Armed Conflict Courts & Litigation Criminal Justice & the Rule of Law Terrorism & Extremism

D.C. Circuit Upholds Security Policies in Hatim v. Obama

Jane Chong
Friday, August 1, 2014, 9:06 PM
Today the D.C. Circuit handed down its decision in the "counsel access" case, upholding the constitutionality of security procedures instituted at Guantanamo in 2012 and 2013.

Published by The Lawfare Institute
in Cooperation With

Today the D.C. Circuit handed down its decision in the "counsel access" case, upholding the constitutionality of security procedures instituted at Guantanamo in 2012 and 2013. The panel decision, written by Judge Griffith for himself, Chief Judge Garland and Judge Henderson, reverses Chief Judge Royce Lamberth's July 11, 2013 ruling partially invalidating the procedures on the grounds that they amounted to unconstitutional government interference with the petitioners' access to habeas counsel.
Judge Griffith's 14-page opinion makes quick work of the two policies at issue: (1) a September 2012 policy that requires all detainees who seek to meet with visitors to make what detainees contend is a physically grueling trip by van to Camp Echo, and (2) a May 2013 policy that revised groin searches to require guards to physically press against detainees' bodies before and after detainees meet with their lawyers. The detainees contended that the policies have the purpose and effect of discouraging them from meeting with counsel and sought an order barring use of the new procedures. That order was granted in part by the district court but stayed by the D.C. Circuit in August.
Back in July, Chief Judge Lamberth found that the deferential standard for prison regulations promulgated by the Supreme Court in Turner v. Safley, 482 U.S. 78 (1987) was "logically inapplicable" to the security protocol at issue insofar as the regulations impinged on the detainees' right to petition for habeas. In the alternative, the court found that the search procedures failed the Turner standard.
The D.C. Circuit rejected the district court's "novel" reading of Turner as a direct contravention of Lewis v. Casey, a 1996 case in which the Supreme Court held that the deferential Turner standard applied to prison officials' interference with inmates' pursuit of habeas relief. Judge Griffith then applied the four-factor Turner test to conclude that the challenged security policies are reasonable. The factors consist of: (1) the existence of a “valid, rational connection between the prison regulation and the legitimate governmental interest put forward to justify it," (2) “whether there are alternative means of exercising the right that remain open to prison inmates,” (3) “the impact accommodation of the asserted constitutional right will have on guards and other inmates, and on the allocation of prison resources generally,” and (4) “the absence of ready alternatives” to the regulations at issue.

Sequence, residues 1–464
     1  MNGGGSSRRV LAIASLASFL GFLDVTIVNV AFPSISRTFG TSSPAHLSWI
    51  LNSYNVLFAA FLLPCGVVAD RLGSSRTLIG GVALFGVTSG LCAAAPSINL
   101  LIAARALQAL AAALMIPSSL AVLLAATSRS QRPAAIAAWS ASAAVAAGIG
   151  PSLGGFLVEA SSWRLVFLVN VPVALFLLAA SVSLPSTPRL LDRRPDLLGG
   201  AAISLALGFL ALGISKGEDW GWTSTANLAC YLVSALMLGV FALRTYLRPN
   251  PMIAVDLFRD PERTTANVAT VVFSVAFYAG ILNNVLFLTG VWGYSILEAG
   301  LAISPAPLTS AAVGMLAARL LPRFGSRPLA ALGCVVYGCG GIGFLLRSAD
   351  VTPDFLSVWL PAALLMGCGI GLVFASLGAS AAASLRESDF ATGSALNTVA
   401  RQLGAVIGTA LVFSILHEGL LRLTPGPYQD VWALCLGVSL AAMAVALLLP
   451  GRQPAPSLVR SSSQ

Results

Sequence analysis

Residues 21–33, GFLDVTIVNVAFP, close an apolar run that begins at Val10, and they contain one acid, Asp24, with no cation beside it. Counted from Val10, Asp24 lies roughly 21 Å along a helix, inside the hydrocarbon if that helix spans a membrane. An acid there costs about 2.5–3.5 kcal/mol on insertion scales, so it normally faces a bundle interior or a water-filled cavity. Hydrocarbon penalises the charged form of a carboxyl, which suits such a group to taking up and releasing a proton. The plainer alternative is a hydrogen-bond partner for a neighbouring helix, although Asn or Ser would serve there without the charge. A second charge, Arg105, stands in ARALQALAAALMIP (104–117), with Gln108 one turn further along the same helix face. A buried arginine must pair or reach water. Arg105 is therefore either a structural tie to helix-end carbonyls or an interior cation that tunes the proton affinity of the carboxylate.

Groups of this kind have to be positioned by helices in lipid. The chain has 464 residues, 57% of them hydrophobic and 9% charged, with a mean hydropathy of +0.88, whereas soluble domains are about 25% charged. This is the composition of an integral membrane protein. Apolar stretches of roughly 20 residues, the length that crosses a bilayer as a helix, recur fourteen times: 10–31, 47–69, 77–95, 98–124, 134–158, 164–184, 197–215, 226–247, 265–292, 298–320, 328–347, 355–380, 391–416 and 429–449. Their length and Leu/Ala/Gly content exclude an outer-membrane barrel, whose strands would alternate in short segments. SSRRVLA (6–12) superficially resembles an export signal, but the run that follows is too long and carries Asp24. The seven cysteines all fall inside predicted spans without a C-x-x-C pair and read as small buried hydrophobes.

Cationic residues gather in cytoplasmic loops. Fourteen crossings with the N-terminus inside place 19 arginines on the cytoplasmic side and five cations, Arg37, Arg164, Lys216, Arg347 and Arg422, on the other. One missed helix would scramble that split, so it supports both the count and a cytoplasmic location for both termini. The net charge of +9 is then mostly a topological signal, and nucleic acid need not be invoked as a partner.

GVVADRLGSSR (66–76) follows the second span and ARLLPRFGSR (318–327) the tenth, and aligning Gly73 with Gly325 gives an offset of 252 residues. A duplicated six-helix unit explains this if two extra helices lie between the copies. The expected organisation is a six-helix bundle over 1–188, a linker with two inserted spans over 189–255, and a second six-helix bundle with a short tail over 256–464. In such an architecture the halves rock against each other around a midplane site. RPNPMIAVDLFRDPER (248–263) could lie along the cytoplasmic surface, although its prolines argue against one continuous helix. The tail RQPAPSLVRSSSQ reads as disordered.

Judge Griffith closes his opinion by acknowledging and rejecting the lower court's general interpretation and application of Turner in brief:
The district court’s very different take on these reasonable changes to policy at Guantanamo appears to stem from its view that the changes in policy were pretextual and the result of the government’s plan to inhibit detainees’ access to counsel. It is unclear what role, if any, motive plays in the Turner inquiry. Compare Hammer v. Ashcroft, 570 F.3d 798, 803 (7th Cir. 2009) (en banc), with Salahuddin v. Goord, 467 F.3d 263, 276-77 (2d Cir. 2006), and Quinn v. Nix, 983 F.2d 115, 118 (8th Cir. 1993). Even if some quantum of evidence of an unlawful motive can invalidate a policy that would otherwise survive the Turner test, the evidence of unlawful motive in this case is too insubstantial to do so. The district court drew inferences from past conduct by former commanders and dismissed as unbelievable the sworn statements of military officials. We find such an approach unwarranted. Although we must not give prison administrators a free hand to disregard fundamental rights, this case is a far cry from instances where administrators have acknowledged their intent to extinguish prisoner rights and acted accordingly. Cf. Hammer, 570 F.3d at 802-03. The tenuous evidence of an improper motive to obstruct access to counsel in this case cannot overcome the legitimate, rational connection between the security needs of Guantanamo Bay and thorough searches of detainees.
For background, check out Raff's summary of the government's opening brief and her overview of the detainees' response. For a description of the genital-area searches at issue in the case, see the dueling letters filed with the court by defense lawyer David Remes and the Department of Justice back in December.

Jane Chong is former deputy managing editor of Lawfare. She served as a law clerk on the U.S. Court of Appeals for the Third Circuit and is a graduate of Yale Law School and Duke University.

Subscribe to Lawfare